By Ben Sillitoe
A new phase of corporate social responsibility (CSR) begins today at The Co-operative Group, affecting all areas of the organisation.
With the aim of setting a new benchmark for CSR practices, the programme will look to swell group membership more than threefold by 2020 and bring a wide range of benefits to consumers across the UK.
Dubbed the Ethical Operating Plan, some 47 key targets have been established that Co-op members believe will tackle global poverty, protect the environment and improve society.
From a retail perspective, Co-op Food will ensure Healthier Choice products are no more expensive than standard equivalent goods and its Simply Value range will be at least as nutritional as similar produce.
Speaking last night at the launch of the new scheme at The Horticultural Halls in central London, group CEO Peter Marks said the Co-op was making “courageous” decisions that he hopes other businesses will follow.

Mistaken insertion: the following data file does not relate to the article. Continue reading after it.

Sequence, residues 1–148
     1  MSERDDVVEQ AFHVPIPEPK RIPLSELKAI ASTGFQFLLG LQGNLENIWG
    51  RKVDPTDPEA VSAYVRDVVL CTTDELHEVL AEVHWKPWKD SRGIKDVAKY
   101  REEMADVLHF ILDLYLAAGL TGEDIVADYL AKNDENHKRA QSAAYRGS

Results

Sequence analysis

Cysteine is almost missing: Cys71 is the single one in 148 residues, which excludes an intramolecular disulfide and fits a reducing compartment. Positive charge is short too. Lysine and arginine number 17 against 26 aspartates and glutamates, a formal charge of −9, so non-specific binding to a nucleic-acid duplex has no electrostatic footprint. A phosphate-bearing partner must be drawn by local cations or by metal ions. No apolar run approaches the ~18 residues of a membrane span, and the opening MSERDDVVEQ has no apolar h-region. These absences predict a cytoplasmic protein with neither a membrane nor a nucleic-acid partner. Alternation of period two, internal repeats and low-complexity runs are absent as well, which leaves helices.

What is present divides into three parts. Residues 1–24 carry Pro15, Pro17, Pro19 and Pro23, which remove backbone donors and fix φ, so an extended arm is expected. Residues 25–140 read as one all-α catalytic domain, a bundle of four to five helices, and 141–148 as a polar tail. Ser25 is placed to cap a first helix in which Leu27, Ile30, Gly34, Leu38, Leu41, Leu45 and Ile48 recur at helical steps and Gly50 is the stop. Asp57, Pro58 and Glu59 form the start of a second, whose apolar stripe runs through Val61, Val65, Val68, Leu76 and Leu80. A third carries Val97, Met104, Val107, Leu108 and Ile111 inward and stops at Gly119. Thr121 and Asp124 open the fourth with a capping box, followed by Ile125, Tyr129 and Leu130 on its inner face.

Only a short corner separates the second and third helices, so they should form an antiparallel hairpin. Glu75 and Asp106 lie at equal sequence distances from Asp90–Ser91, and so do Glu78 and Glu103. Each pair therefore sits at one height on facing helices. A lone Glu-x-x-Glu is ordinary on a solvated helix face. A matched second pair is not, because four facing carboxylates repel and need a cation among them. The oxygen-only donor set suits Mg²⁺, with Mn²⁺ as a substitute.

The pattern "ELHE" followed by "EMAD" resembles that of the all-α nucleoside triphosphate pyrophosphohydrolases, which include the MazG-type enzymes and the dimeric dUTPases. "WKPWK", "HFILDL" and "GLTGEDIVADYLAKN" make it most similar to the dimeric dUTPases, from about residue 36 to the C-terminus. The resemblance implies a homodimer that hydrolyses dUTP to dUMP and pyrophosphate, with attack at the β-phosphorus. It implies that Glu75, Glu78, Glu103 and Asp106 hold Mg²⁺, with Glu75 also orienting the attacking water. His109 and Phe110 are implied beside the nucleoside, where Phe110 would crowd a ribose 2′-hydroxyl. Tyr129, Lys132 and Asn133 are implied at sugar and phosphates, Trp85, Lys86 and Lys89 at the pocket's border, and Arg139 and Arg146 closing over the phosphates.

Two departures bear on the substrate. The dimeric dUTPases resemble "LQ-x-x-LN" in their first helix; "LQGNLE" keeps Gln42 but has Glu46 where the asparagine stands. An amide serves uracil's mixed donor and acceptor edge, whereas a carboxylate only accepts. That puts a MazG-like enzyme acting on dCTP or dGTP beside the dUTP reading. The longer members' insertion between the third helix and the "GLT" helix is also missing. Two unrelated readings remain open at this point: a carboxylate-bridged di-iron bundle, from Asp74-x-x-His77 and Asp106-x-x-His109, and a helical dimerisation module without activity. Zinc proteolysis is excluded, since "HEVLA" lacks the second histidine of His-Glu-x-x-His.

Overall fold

He explained that the CSR plan will be intertwined with the company’s traditional three-year business schedule and will influence all decisions the group makes.
“CSR has never been so important as it is today,” Marks told members of the audience.
“We’re establishing a lead in this area and we want others to follow - we can’t do this alone.”
Marks added that part of the plan involves encouraging consumers to want to shop for sustainable and ethical products, which is one reason why the Fairtrade range will continue to be promoted and developed as a core element of the Co-op business.
Executive Director of the Fairtrade Foundation Harriet Lamb, another keynote speaker last night, explained that the group expects 90 per cent of Co-op’s primary commodities to be Fairtrade-certified by 2013.
As one new era begins at Co-op another reaches its end, however, as the work to align Somerfield with the Co-op is now finalised.
Commercial Director for Co-op Food Sean Toal told Retail Gazette that the group’s senior management now consider Somerfield fully integrated into the Co-op, although there are a few final phases to complete.
Having acquired the supermarket chain for £1.57 billion in 2008, Co-op has grown to become the fifth largest grocer in the UK.
Toal said: “It’s been a tough three years, but we have learnt a lot from the Somerfield business - it has also helped increase the pace at Co-op.
“The acquisition has taken us from being a convenience retailer into a completely different sphere.”